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Saturday, January 29, 2011

Ganglions: Soft Tissue Masses often seen in the Foot


Patient presents with painful swollen big toe joint
  Patient Carleen presented to my office yesterday with a swollen big toe joint. These first two photos show how swollen the area looked. Compare the swollen right big toe joint with the uninvolved left big toe joint seen in the third photo.





Side View of the Swollen Right Big Toe Joint

Non Swollen, yet prominent, uninvolved left big toe joint



MRI showing Probable Ganglion Cyst not involving the Joint

MRI Image of the Sideview of the Big Toe Joint
After getting the MRI imaging, I drained the cyst of 5 ml of bloody fluid and sent it to the lab. The lab did not identify any bacteria. Hooray!! Carleen was started on icing and contrast bathing to reduce the swelling (minimum of 3 daily of the combination). She was given a hapad arch support to transfer weight into the arch and dancer's pad to float the painful toe. See the padding used in the following post link.

http://www.drblakeshealingsole.com/2010/09/sesamoid-fractures-advice-when-not.html

 I will follow her in two weeks. Ganglions may resorb, but some have to be surgically removed. I would inject 3 plus times with cortisone before considering surgery. She will need some form of orthotic device designed for her shoes to prevent pressure. The biomechanics of her foot is of a plantarflexed first ray which sticks out like a sore thumb and gets easily bruised. This bruising over time can lead to the gradual development of a cyst.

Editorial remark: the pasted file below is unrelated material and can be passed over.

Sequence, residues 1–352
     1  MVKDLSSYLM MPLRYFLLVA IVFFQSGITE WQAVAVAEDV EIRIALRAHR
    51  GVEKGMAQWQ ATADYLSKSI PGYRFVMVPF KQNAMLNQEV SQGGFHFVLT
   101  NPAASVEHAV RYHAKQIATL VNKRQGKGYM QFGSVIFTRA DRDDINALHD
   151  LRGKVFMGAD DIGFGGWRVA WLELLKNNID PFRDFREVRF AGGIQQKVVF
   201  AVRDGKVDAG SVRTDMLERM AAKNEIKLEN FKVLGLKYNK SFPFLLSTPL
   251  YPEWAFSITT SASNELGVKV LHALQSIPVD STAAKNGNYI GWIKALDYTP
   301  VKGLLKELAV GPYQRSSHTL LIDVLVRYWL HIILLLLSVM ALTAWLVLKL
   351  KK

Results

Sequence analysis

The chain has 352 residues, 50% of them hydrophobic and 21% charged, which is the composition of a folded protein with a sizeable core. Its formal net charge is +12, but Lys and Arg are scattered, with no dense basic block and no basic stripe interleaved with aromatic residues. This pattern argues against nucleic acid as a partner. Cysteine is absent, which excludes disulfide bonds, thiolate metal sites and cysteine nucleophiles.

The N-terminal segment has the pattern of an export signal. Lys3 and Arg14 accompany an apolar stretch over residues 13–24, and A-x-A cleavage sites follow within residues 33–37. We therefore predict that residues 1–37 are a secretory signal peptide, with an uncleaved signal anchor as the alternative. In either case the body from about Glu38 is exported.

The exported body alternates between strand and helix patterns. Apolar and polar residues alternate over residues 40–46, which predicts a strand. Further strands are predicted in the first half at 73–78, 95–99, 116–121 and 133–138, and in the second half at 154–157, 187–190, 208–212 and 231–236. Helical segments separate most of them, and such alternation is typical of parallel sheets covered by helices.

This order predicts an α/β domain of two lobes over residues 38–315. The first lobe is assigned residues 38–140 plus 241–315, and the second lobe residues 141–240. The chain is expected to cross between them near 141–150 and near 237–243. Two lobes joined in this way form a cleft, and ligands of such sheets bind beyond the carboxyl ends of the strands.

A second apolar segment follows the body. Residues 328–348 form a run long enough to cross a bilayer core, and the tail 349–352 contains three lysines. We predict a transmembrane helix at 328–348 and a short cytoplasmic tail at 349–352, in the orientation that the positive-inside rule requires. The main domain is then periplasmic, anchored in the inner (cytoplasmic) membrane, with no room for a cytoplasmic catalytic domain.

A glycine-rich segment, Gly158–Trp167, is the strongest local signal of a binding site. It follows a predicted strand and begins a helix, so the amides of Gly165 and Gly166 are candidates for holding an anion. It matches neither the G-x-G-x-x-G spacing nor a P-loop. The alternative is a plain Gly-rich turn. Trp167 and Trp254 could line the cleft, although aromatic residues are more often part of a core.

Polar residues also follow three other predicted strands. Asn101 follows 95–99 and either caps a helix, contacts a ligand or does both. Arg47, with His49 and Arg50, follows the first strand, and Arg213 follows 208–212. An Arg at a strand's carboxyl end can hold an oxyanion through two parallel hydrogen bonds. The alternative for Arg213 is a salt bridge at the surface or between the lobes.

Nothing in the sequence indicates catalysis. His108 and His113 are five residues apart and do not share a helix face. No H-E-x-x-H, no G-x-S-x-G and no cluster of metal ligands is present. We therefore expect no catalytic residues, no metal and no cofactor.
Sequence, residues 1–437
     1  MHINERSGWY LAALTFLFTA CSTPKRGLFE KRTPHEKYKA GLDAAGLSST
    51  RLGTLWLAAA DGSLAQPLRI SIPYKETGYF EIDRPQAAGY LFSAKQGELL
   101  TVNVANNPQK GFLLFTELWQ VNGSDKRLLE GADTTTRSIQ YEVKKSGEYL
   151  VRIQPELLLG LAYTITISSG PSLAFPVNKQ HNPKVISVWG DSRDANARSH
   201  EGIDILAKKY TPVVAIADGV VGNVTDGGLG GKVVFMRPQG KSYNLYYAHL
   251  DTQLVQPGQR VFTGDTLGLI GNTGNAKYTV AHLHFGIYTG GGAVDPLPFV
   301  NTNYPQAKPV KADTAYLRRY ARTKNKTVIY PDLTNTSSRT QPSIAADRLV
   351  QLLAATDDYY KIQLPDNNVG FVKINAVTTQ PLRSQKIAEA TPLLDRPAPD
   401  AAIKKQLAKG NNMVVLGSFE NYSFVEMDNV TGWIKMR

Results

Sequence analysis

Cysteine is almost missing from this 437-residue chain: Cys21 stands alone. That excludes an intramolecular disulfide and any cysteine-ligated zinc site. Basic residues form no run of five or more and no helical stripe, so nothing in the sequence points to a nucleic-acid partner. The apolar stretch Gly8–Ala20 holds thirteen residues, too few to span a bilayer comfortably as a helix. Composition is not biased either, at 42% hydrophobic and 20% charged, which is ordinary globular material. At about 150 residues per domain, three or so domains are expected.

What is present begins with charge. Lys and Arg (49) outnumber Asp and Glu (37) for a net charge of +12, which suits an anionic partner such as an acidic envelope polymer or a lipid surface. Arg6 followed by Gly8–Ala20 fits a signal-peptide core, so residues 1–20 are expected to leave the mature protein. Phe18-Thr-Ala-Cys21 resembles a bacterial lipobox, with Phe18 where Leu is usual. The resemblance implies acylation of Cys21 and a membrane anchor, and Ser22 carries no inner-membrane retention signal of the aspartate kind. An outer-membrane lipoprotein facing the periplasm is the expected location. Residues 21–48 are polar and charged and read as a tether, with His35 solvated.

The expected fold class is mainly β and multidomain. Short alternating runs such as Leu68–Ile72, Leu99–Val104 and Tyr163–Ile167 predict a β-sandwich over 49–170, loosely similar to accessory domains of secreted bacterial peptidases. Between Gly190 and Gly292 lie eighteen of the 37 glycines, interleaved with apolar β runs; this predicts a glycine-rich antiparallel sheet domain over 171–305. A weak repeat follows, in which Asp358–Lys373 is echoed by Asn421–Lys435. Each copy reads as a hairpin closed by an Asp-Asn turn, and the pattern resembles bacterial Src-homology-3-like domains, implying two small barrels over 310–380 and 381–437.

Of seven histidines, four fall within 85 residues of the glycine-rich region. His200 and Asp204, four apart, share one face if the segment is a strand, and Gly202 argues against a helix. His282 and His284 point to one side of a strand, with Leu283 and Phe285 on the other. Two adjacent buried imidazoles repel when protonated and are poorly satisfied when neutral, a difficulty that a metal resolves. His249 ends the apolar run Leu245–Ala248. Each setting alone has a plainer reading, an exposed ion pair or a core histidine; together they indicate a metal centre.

Carleen first felt symptoms 3 months ago, but does not recall bruising her foot. It is probably her biomechanics coupled with unpadded shoes, or the normal stress of activity, that causes the tissue to be initially traumatized. Ganglions are normally produced by normal joint or tendon fluid, that due to a weak spot in the lining of the joint or tendon sheath, allows the fluid to begin to seep out of the joint/tendon and into the surrounding tissue. The body attempts to wall off the fluid, but the hernia formed causes a gradual cyst formation. The biggest cyst of this type is called a Baker's Cyst off the back of the knee joint. Hopefully, with Carleen, we will be able to prevent surgery.

1 comment:

  1. Change your style of work. You can present the problem to your HOUR dept. Or in worst case change the job if above is not possible
    http://www.footcentersofnc.com/common-foot-problems/ganglions.html

    ReplyDelete

Thank you very much for leaving a comment. Due to my time restraints, some comments may not be answered.I will answer questions that I feel will help the community as a whole.. I can only answer medical questions in a general form. No specific answers can be given. Please consult a podiatrist, therapist, orthopedist, or sports medicine physician in your area for specific questions.